Medical Management of Severe Alcoholic Hepatitis

Acute alcoholic hepatitis is a clinical syndrome characterized by sudden onset of jaundice, malaise, anorexia and occasionally abdominal pain associated with fever, tachycardia, leukocytosis and other evidence of a systemic inflammatory response in an individual who has been drinking heavily within the preceding eight weeks. By definition, serum bilirubin is elevated with modest elevation in aminotransferases less than 400 iu/ml. The AST/ALT ratio is usually greater than 1.5. The term alcoholic hepatitis is also applied to histological changes of steatosis, ballooning degeneration of hepatocytes, accumulation of Mallory-Denk bodies and infiltration with neutrophils that characterize steatohepatitis.1 Although not required for the diagnosis of acute alcoholic hepatitis or decisions regarding treatment, liver biopsy can be helpful in patients in whom there are other confounding conditions.

Estimating the severity of alcoholic hepatitis in critically ill patients with high bilirubin and prolonged INR’s guides the need for anti-inflammatory treatments in addition to supportive care for these patients. Laboratory parameters provide more accurate assessment of prognosis than any clinical features. Both the Maddrey discriminant function (MDF) (greater than 32) and the Mayo model for end-stage liver disease (MELD) score (greater than 20) define severe alcoholic hepatitis and high mortality within the first 30 days with supportive treatment alone.2

Acute alcoholic hepatitis represents decompensation of underlying alcoholic liver disease in patients with recent heavy drinking. Cirrhosis is present at the time of diagnosis in almost 85 percent of patients with severe alcoholic hepatitis. Normal serum creatinine underestimates the degree of renal impairment in these patients, because muscle mass is often low due to underlying sarcopenia. Acute kidney injury develops frequently in those with severe alcoholic hepatitis and is a harbinger of progression to multi-organ failure syndrome. Pneumonia, urinary tract infections, and spontaneous bacterial peritonitis and bacteremia are also common in these patients and may develop in the second or third week. Some experts classify acute alcoholic hepatitis as a form of acute on chronic liver failure.3 Other than recent heavy drinking, the events that trigger the decompensation remain a subject of investigation.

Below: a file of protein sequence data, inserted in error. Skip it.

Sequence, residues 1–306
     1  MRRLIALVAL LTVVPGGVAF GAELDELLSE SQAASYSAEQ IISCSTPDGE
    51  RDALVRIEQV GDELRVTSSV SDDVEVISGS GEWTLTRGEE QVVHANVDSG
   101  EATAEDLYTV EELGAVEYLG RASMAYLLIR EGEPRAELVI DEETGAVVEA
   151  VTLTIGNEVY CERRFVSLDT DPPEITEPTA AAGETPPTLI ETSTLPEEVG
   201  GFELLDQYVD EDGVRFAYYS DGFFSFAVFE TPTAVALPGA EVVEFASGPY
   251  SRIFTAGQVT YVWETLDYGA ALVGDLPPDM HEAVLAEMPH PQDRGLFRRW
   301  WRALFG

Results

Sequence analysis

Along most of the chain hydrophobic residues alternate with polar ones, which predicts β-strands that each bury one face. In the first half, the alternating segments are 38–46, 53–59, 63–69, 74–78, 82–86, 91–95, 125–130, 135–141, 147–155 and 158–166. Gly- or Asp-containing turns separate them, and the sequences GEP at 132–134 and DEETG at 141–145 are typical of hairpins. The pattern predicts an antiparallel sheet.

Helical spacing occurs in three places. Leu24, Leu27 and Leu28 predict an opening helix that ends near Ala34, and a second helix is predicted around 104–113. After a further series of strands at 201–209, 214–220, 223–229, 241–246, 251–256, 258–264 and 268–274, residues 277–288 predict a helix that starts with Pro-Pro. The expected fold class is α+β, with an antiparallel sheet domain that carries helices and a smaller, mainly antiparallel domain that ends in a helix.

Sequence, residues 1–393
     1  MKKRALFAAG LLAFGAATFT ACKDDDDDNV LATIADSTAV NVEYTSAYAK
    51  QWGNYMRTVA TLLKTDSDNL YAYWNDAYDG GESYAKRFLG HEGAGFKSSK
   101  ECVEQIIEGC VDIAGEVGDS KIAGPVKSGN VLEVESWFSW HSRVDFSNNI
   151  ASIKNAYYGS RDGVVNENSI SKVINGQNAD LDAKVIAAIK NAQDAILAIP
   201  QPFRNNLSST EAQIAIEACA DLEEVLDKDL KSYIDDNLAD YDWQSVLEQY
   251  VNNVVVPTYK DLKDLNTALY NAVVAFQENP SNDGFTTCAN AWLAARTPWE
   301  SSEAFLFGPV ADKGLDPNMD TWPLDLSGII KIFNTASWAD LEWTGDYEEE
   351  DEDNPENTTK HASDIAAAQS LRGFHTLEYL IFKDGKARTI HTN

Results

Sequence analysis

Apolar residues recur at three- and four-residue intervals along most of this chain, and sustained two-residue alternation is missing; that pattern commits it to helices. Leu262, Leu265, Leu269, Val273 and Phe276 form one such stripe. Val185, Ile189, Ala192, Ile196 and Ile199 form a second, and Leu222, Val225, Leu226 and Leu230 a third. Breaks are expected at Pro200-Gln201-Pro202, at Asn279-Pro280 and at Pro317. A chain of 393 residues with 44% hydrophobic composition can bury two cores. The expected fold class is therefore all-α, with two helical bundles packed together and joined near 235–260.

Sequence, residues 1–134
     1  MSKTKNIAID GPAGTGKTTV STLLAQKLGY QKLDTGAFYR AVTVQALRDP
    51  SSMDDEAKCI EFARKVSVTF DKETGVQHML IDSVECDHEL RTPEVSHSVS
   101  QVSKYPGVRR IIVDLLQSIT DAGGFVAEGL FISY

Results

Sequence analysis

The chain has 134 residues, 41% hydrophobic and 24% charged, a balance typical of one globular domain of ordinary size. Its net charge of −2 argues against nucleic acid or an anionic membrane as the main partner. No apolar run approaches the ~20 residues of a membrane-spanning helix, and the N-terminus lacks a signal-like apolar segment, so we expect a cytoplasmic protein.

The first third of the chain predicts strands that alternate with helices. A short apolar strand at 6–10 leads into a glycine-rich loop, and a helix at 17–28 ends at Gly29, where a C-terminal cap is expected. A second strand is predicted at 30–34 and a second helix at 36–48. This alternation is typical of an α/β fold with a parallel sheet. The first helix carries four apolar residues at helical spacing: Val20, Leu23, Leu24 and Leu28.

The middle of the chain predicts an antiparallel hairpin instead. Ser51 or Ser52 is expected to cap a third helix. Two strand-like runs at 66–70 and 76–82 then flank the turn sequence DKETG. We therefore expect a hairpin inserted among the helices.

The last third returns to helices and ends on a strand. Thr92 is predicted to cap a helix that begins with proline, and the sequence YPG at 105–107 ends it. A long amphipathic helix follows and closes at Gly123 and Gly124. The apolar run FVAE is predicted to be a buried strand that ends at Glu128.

Abstinence is critical in long-term prognosis for patients with any form of alcoholic liver disease. Unfortunately, no FDA approved medications have been proven safe to use in patients with advanced alcoholic liver disease, so treatment of the underlying alcohol use disorder should be supportive. Cognitive/behavioral approaches are helpful, but typically patients with alcoholic hepatitis are too ill to begin this treatment immediately. We actively encourage abstinence at the time of diagnosis and continue efforts to engage patients in treatment at every follow-up visit.

Enteral nutritional support in the form of a high calorie (30-40 kcal/kg body weight), high protein (1-1.5 g/kg body weight) diet is recommended and safe in patients with alcoholic hepatitis, even when accompanied by hepatic encephalopathy.4 Parenteral nutrition provided some benefit in improving biochemical parameters in clinical trials, but did not impact short-term mortality. The gut mucosal barrier in animal models of alcoholic liver disease and in patients with alcoholic hepatitis is impaired and likely contributes to infections in these patients. One of the possible benefits of enteral compared to parenteral nutrition is the favorable impact on the gut mucosa. Micronutrients, particularly zinc, may also restore gut mucosal integrity. Since most patients with alcoholic hepatitis are zinc deficient, we routinely supplement with 220 mg of zinc sulfate daily.5

Abstinence is critical in longterm prognosis for patients with any form of alcoholic liver disease.